In the world of singer/songwriters, melancholy is always in season—so JBM's debut album, Not Even In July, can be forgiven for finding sadness in those oft-celebrated days of summer.LA,
Paste: The songs on Not Even In July have a real sense of place, and you worked on the album at your family home upstate, then recorded it in a 19th-century church in Hudson, N.Y. If you had to ascribe a "home" to the album, what would it be?
Jesse Marchant: That's a good question. I guess the place I draw from is more closely related to the house in the woods, but a lot of the life of it was happening on the west coast. The feeling of it comes from [LA], but the soul of it comes from the mountains.
Paste: What is the feeling that a guy from the Adirondacks gets living in LA?
Marchant: (Laughs) I don't know, disoriented at first. Angry. It's kind of a similar feeling, really—outside of LA there's a lot of similar landscapes, hiking, lakes. When you get out there, it feels similar.
Paste: You holed yourself up in your family's cabin to write this album. Do you feel like that's something you won't do again, or is that the way you're most comfortable writing?
Marchant: I actually wrote most of it living in LA. Then decided I was leaving—decided, then left the next week—and drove cross-country with my brother. I knew I'd record with [engineer Henry Hirsch] at the church, but I didn't have a concrete date. I had a bunch of home recordings and demos that I knew I wanted to put on [the album], and some that I hadn't recorded at all. I knew I wanted to have the time alone to digest it all, and work on arrangements. I knew I didn't want to be anywhere else, like try to pick up and leave LA and get a place in New York. I knew [the cabin] was where I wanted to go. It's kind of always been my home, in the non-literal sense, because my family has had it since I was a kid. It's always the place to go when I've made a radical decision to change my life. I'm grateful for that.
Paste: Why did you leave LA?
Marchant: A lot of things I was doing there came to an end. A girlfriend break up, a person I was working with died. So when it came time to, it was really, "This phase of my life has ended and it's time to leave it."
Paste: So the songs on the album are all that straightforwardly autobiographical?
Marchant: Yes. I don't really ever day dream those sort of intimate scenarios. It usually feels more right to write things close to me, not in the abstract sense.
Paste: Are there any that are more abstract?
Marchant: "Friends for Fireworks" is probably kind of abstract. It started with an image and went to this dream-like thing. It was an experience that was abstract in and of itself.
Paste: Do you think New York City is affecting your music now in a way that living in LA did?
Marchant: Yeah, I think so. Maybe not so much the place affects you, but the way you're living in the place. I was very rarely spending time with other people in LA—I would go take day trips or weekend trips, and it was always very solitary. My life recently has been so different—I've been around people all the time. Being exposed to other musicians, going to a lot of shows in New York. That somehow influences you, when you're opening your mind to that much stimulus.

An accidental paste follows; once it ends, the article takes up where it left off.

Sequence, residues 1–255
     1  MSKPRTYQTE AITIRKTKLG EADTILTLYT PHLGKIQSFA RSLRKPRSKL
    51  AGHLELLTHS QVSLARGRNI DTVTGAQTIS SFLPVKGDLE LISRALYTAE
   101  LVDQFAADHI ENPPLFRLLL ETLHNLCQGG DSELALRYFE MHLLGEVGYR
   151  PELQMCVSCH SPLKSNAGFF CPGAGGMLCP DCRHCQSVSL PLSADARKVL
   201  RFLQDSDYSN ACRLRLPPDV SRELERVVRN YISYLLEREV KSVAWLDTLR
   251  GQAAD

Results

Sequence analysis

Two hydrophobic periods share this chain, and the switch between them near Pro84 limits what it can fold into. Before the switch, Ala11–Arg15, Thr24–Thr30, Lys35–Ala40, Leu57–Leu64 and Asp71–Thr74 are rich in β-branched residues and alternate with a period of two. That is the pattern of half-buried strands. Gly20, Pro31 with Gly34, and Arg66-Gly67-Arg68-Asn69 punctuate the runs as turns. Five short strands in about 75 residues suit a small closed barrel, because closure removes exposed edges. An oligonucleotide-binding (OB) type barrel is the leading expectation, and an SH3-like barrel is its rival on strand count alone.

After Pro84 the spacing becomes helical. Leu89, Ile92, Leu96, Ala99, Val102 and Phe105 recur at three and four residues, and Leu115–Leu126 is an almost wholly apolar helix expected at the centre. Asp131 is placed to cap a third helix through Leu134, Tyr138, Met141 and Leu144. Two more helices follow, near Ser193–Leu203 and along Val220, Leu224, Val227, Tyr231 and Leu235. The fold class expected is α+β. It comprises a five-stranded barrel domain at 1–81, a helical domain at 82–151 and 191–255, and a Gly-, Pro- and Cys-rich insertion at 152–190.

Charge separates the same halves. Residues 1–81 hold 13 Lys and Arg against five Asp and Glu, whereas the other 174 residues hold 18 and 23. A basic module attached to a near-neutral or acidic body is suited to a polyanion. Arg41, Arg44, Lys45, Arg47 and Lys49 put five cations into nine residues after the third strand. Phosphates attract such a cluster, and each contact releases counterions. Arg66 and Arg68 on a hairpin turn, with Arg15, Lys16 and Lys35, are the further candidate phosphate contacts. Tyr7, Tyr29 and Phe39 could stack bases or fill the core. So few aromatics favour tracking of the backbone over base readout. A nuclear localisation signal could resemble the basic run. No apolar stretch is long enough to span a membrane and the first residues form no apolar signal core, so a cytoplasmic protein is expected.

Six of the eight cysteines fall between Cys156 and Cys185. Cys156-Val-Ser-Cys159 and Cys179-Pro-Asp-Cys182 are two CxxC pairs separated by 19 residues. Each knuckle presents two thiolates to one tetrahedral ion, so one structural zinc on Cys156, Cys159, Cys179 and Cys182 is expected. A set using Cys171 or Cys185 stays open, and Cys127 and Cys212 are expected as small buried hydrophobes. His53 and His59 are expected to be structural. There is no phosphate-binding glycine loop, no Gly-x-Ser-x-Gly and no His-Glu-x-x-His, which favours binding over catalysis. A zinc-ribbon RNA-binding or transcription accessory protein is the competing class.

Paste: When it comes time to write the next album, do you think you'll go somewhere else to write it?
Marchant: Yeah, I do. It's not my thing to write about stuff in the moment—I don't really know how to do it. It always comes from a place of distilling. I can have more clarity, I don't really know what or why that is. I never feel compelled when I'm in the middle of an experience to start writing about it—sometimes I don't even play music in those phases. It's when I have a lot of time alone again—I'll just start playing music again, and all this stuff comes out. It's sort of a freaky thing to rely on, though, because you don't know when that time is gonna come again. That's the challenging thing.
Paste: Right. The classic writer advice is to be disciplined, but then it feels anathema to the whole process.
Marchant: Yeah. You kinda have to set up your life in a way where it can work that way. There's pressure to keep touring and to do all that and you know you need to do that, in order to have enough people to receive the next album. So you want to honor that. But you also want to have another record, so you need new songs to play. It's just a decision to withdraw from everything for a while.
Paste: Do you like touring?
Marchant: I do, I like it a lot. I like the camaraderie of the actual touring. Playing shows is always a mixed bag—sometimes it feels so inspiring, or sometime it just feels like shit. But if you're having a bad night, not connecting, you just drive away—you're leaving it behind. There's always the hope tomorrow will be better. I'm pretty optimistic—I don't let it get me down when it's not good.
Paste: That optimism seems to translate in your songs, even when they're sad. Is that a balance you're aware of trying to strike when you write and compose a track?
Marchant: I'm glad that you're saying that—not a lot of people get that, and I do feel it's true. It's not deliberate. I think it's just reflective of who I am. I don't write or make arrangements from a place of logic. It's not cerebral—it's the opposite of that. If a song came out dark, I know I wouldn't try to balance it in the song. I'd hope it just balanced on the album.
Paste: Right. So what's coming up for you?
Marchant: More touring, promoting the album. Creatively, I'd like to put together a band. If I'm in one place for long enough, I'd like to put together other people! I've been playing solo for a while now. So I'm looking forward to it.